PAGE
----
The interaural time difference (ITD) is a major cue to sound localization along the horizontal plane. The maximum natural ITD occurs when a sound source is positioned opposite to one ear. We examined the ability of owls and humans to detect large ITDs in sounds presented through headphones. Stimuli consisted of either broad or narrow bands of Gaussian noise, 100 ms in duration. Using headphones allowed presentation of ITDs that are greater than the maximum natural ITD. Owls were able to discriminate a sound leading to the left ear from one leading to the right ear, for ITDs that are 5 times the maximum natural delay. Neural recordings from optic-tectum neurons, however, show that best ITDs are usually well within the natural range and are never as large as ITDs that are behaviorally discriminable. A model of binaural crosscorrelation with short delay lines is shown to explain behavioral detection of large ITDs. The model uses curved trajectories of a cross-correlation pattern as the basis for detection. These trajectories represent side peaks of neural ITD-tuning curves and successfully predict localization reversals by both owls and human subjects.
Effects of binaural decorrelation on neural and behavioral processing of interaural level differences in the barn owl (Tyto alba).Journal of Comparative Physiology. A, Neuroethology, Sensory, Neural, and Behavioral Physiology 2001
S E. Egnor Journal of Comparative Physiology. A, Neuroethology, Sensory, Neural, and Behavioral Physiology, 187:589-95 (2001)
The effect of binaural decorrelation on the processing of interaural level difference cues in the barn owl (Tyto alba) was examined behaviorally and electrophysiologically. The electrophysiology experiment measured the effect of variations in binaural correlation on the first stage of interaural level difference encoding in the central nervous system. The responses of single neurons in the posterior part of the ventral nucleus of the lateral lemniscus were recorded to stimulation with binaurally correlated and binaurally uncorrelated noise. No significant differences in interaural level difference sensitivity were found between conditions. Neurons in the posterior part of the ventral nucleus of the lateral lemniscus encode the interaural level difference of binaurally correlated and binaurally uncorrelated noise with equal accuracy and precision. This nucleus therefore supplies higher auditory centers with an undegraded interaural level difference signal for sound stimuli that lack a coherent interaural time difference. The behavioral experiment measured auditory saccades in response to interaural level differences presented in binaurally correlated and binaurally uncorrelated noise. The precision and accuracy of sound localization based on interaural level difference was reduced but not eliminated for binaurally uncorrelated signals. The observation that barn owls continue to vary auditory saccades with the interaural level difference of binaurally uncorrelated stimuli suggests that neurons that drive head saccades can be activated by incomplete auditory spatial information.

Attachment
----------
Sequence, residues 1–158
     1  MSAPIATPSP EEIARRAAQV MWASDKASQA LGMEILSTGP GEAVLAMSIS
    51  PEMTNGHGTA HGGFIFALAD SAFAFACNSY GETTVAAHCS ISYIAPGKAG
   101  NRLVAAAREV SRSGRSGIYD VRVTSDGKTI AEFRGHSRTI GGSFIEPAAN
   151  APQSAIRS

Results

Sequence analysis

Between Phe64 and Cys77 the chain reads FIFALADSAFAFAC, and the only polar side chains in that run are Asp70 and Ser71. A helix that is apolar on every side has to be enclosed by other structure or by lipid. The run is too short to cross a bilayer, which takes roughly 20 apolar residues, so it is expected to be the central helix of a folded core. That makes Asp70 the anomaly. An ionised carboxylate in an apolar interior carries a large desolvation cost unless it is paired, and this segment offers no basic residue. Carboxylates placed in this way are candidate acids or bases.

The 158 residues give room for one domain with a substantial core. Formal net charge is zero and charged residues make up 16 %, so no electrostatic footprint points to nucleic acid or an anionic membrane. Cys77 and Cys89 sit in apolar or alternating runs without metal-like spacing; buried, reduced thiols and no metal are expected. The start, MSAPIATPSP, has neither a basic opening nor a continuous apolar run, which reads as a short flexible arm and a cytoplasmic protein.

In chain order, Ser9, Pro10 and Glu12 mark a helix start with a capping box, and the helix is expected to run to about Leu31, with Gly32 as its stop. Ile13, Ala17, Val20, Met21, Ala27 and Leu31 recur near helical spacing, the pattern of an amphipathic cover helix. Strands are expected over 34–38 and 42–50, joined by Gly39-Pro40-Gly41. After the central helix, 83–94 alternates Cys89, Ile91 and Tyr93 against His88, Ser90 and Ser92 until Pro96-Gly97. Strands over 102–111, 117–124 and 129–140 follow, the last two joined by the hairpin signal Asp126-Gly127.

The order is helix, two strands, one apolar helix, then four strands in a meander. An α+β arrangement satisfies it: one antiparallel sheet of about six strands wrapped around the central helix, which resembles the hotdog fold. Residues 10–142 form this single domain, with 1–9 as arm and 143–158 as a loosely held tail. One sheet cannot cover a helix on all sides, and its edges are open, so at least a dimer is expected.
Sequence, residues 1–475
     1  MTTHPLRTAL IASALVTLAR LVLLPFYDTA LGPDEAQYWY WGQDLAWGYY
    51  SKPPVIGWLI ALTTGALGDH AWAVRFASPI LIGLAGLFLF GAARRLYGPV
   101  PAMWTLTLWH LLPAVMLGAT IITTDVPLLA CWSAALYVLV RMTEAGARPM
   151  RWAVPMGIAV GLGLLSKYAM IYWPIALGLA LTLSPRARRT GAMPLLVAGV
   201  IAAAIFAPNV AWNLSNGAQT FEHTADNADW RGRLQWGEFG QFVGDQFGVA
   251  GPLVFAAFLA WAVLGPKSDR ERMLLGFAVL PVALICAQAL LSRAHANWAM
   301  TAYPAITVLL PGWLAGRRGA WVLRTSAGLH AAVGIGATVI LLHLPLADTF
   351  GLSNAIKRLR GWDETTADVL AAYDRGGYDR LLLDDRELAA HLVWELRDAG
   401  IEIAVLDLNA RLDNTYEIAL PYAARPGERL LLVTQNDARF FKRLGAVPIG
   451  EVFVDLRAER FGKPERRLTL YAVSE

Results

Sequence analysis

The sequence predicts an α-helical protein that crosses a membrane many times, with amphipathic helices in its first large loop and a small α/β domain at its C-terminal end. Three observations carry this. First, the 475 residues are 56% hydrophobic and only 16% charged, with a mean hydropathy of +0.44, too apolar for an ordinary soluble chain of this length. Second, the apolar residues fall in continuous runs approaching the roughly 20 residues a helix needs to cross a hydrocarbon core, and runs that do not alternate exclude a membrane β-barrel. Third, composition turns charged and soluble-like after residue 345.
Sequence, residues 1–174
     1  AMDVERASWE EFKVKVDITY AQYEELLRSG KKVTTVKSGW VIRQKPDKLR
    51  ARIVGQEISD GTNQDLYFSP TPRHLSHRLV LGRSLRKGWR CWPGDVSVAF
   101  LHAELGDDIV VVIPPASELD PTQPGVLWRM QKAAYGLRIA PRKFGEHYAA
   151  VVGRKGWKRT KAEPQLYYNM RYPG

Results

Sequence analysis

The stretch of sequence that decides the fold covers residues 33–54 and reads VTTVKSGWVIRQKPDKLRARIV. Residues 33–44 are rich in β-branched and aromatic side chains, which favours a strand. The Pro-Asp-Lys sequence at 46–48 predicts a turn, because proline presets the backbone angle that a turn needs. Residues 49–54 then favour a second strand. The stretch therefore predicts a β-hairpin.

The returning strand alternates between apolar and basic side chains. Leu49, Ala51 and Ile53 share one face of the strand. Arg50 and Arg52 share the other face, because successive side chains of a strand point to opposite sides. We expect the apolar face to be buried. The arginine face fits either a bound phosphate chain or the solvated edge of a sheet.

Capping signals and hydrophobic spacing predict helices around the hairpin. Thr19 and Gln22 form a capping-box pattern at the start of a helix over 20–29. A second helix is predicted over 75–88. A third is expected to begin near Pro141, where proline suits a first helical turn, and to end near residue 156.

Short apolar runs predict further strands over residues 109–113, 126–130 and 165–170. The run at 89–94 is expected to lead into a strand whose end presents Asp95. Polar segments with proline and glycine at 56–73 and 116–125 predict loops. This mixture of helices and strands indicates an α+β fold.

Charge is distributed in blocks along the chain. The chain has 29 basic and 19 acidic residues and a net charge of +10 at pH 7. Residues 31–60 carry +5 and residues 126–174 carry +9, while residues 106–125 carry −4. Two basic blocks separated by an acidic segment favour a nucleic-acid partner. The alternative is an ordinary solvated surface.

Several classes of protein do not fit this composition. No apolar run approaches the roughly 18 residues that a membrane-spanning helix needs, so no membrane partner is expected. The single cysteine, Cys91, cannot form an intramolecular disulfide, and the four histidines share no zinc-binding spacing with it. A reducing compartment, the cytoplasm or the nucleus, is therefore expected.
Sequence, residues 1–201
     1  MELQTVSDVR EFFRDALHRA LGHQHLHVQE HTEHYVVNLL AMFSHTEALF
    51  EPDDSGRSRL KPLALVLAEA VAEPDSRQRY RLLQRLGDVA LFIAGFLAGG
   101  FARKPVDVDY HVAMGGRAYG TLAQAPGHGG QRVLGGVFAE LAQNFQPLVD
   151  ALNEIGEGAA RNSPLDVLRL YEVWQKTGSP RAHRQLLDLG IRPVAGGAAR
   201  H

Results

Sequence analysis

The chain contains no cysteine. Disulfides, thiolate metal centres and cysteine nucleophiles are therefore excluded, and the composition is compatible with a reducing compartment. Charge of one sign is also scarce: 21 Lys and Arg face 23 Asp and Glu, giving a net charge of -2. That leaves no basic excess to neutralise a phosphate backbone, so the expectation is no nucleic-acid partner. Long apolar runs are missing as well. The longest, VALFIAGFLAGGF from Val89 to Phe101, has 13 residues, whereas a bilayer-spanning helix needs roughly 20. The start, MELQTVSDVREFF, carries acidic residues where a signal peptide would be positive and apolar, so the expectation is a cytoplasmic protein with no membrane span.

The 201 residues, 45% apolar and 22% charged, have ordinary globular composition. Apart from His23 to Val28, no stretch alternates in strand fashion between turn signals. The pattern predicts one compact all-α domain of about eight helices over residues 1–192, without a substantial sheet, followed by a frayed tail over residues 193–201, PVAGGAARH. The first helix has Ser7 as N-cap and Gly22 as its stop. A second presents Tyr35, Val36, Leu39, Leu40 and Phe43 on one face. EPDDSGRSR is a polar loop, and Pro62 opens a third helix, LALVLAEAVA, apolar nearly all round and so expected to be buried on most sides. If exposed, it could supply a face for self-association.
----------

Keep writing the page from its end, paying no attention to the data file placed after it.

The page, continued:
Humans respond adaptively to uncertainty by escaping or seeking additional information. To foster a comparative study of uncertainty processes, we asked whether humans and a bottlenosed dolphin (Tursiops truncatus) would use similarly a psychophysical uncertain response. Human observers and the dolphin were given 2 primary discrimination responses and a way to escape chosen trials into easier ones. Humans escaped sparingly from the most difficult trials near threshold that left them demonstrably uncertain of the stimulus. The dolphin performed nearly identically. The behavior of both species is considered from the perspectives of signal detection theory and optimality theory, and its appropriate interpretation is discussed. Human and dolphin uncertain responses seem to be interesting cognitive analogs and may depend on cognitive or controlled decisional mechanisms. The capacity to monitor ongoing cognition, and use uncertainty appropriately, would be a valuable adaptation for animal minds. This recommends uncertainty processes as an important but neglected area for future comparative research.